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This hospital in the forest treats its patients like hotel guests

Waldkliniken Eisenberg is the winner of Fast Company’s 2021 Innovation By Design awards in the Europe, Middle East, and Africa category.

This hospital in the forest treats its patients like hotel guests
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Tucked amid trees in the forest outside the central German town of Eisenberg sits a new kind of hospital. This “waldkliniken” – literally translated as forest hospital – is a circular building covered in a wooden facade and rings of windows looking out at the tree canopy. There are also three restaurants, two fireplaces in plush lounge areas, and 52 verandas connected to patient rooms. Compared to the typically sterile and institutional health care facility, it’s in a whole new category.

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Designed by architect Matteo Thun in cooperation with the German arm of the global architecture firm HDR, these features are the reason Waldkliniken Eisenberg is the winner of Fast Company‘s 2021 Innovation By Design awards in the Europe, Middle East, and Africa category.

[Image: HGE (Photo)/©HDR Germany/Matteo Thun & Partners (Architect)]
Johannes Kresimon, managing director at HDR Germany, says the unique design of the hospital was driven from the start by a desire to make the patient’s time in the hospital as pleasant as possible. As an architect who has worked on many health care facilities, Kresimon says this is a goal clients often set but rarely follow through on. “In the end all the decisions are driven by saving money during the construction phase and having workflows which are as efficient as possible,” he says. “The approach here was completely different. It was really starting with the patient experience.”

Kresimon says the hospital’s managing director had a vision offering an experience that was closer to a hotel than a hospital. “Normally when you’re going to hospital you’re sick or someone in your family or a friend is having a serious problem. You go to the hospital with fear,” Kresimon says. “He really wanted to shift this.”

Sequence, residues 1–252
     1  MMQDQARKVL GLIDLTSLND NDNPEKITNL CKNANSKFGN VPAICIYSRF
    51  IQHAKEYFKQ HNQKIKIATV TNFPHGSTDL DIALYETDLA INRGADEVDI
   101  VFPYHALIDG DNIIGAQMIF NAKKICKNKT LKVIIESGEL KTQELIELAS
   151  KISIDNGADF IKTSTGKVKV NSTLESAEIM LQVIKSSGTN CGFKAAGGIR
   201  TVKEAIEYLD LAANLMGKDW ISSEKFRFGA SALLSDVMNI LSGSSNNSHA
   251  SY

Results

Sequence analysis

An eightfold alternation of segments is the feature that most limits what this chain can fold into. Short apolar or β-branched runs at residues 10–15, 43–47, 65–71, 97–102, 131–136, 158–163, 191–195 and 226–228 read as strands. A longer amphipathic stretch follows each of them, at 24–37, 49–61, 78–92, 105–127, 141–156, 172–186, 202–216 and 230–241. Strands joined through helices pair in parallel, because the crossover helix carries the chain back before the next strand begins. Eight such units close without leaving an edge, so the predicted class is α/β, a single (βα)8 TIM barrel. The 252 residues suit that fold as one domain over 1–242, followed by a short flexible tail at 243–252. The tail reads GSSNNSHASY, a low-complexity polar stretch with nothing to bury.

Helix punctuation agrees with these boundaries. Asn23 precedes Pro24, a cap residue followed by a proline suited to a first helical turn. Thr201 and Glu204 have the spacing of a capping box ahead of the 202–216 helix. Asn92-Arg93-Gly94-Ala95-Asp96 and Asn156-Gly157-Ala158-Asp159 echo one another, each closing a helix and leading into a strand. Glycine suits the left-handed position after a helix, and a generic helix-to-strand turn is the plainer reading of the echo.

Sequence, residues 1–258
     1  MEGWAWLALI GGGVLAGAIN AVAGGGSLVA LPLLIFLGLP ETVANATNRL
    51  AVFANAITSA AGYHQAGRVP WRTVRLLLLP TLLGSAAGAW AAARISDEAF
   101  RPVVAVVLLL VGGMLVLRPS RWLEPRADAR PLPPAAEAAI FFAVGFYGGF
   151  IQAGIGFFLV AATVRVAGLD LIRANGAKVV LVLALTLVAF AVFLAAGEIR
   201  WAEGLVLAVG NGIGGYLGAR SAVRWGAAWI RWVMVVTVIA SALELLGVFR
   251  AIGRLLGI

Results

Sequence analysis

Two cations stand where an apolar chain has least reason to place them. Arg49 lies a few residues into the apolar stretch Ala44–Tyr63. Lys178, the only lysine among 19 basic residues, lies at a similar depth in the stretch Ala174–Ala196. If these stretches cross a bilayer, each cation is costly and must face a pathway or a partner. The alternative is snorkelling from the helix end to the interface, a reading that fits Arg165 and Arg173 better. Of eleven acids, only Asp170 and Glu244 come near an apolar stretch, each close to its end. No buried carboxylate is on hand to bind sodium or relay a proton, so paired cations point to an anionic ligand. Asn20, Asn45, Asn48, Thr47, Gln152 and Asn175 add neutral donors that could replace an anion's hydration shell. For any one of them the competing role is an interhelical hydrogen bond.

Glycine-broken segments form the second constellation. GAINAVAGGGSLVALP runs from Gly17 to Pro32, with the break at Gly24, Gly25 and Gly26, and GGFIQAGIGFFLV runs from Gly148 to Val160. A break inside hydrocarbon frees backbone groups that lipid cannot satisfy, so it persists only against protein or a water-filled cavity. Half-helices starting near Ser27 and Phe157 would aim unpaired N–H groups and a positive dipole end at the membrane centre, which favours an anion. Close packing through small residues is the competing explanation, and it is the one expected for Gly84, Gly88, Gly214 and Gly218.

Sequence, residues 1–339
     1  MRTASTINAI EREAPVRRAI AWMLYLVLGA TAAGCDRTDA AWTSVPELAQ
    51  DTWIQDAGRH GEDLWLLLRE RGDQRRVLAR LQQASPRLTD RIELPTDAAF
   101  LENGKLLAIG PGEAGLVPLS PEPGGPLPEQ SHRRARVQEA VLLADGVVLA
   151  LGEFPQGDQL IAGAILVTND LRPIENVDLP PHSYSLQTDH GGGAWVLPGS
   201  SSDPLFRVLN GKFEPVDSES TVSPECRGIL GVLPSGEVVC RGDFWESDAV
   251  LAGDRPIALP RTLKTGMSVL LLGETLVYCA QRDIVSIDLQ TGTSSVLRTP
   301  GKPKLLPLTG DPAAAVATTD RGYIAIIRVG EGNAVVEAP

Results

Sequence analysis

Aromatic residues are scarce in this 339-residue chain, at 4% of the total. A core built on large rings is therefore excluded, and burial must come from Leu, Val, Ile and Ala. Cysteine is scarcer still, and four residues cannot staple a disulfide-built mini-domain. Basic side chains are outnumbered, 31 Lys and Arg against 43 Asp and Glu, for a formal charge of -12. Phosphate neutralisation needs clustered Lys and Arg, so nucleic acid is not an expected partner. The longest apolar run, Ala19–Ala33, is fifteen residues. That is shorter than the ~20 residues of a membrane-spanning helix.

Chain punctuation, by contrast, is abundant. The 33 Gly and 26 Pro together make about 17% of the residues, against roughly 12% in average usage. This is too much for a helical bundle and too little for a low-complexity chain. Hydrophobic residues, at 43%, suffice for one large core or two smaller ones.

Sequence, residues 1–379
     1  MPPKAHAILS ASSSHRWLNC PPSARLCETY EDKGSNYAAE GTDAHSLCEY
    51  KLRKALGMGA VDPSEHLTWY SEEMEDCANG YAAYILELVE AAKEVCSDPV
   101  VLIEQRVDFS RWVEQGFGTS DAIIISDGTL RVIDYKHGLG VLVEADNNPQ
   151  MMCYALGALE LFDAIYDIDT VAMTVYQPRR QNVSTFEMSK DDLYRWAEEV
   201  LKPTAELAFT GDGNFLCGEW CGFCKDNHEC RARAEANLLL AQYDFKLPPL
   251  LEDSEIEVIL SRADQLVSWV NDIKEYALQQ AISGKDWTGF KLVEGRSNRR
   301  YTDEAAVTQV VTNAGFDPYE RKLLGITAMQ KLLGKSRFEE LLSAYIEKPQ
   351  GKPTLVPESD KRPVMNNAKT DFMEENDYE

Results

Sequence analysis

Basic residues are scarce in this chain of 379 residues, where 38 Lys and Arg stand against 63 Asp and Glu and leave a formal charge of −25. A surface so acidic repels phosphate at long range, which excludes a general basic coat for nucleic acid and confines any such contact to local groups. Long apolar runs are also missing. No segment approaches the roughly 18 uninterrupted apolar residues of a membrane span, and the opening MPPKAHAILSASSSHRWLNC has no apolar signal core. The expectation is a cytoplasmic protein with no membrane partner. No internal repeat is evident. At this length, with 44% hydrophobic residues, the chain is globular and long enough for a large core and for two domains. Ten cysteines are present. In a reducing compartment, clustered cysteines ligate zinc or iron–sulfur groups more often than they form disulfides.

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[Image: HGE (Photo)/©HDR Germany/Matteo Thun & Partners (Architect)]
The design prioritizes patient and visitor comfort. The designers worked with psychologists to select a palette of pastel colors that would be most calming to patients, and worked to include soft, natural materials like pale wood furniture and floors within its patient rooms. Even hallways, waiting areas, and staff stations integrate these design touches, giving the building a warm, welcoming atmosphere.

Of course the hospital is still a hospital. There’s all the medical equipment, exam rooms, and nurse stations required to deliver care, but Kresimon says these have been designed to not interfere with patient comfort. “All the other processes were built around this experience. It wasn’t the intent to have the shortest way between the operations theater and the intensive car unit room, for example,” he says. “It was more important that the patient feel well and the processes can run in the background.”

[Image: HGE (Photo)/©HDR Germany/Matteo Thun & Partners (Architect)]
This intention is most visible in the generous patient rooms, which all sit on the outside edge of the round building and look out on the surrounding forest. Most of the 128 rooms are double occupancy, which is common in Germany. And though this might seem unpleasant, the rooms are designed in a zig-zag shape to give each patient a sense of privacy while also creating the opportunity to interact with each other when desired.

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[Image: HGE (Photo)/©HDR Germany/Matteo Thun & Partners (Architect)]
Each room also opens out onto a covered veranda that’s shared with the double-room next door, creating a space for patients to have a social connection or a quiet respite outside. “This was driven by trying to find the best way to connect the building with its surroundings,” Kresimon says. “The circle is the best form you can have.”

[Image: HGE (Photo)/©HDR Germany/Matteo Thun & Partners (Architect)]
He says most of the credit for the hospital’s design approach goes to the client, noting that despite the slightly higher budget than a typical facility, patient waiting lists and profits are signs of success in its first year of operation. Given Waldkliniken Eisenberg’s location, it may not be exactly replicable, but Kresimon says the concept behind it certainly is.

“Maybe the biggest learning is that if you have a vision and a great idea that is not only driven by budget, you can do things which are normally not possible,” he says. “I consider this the responsibility of us as architects to challenge our clients and challenge ourselves to not go the easy way.”

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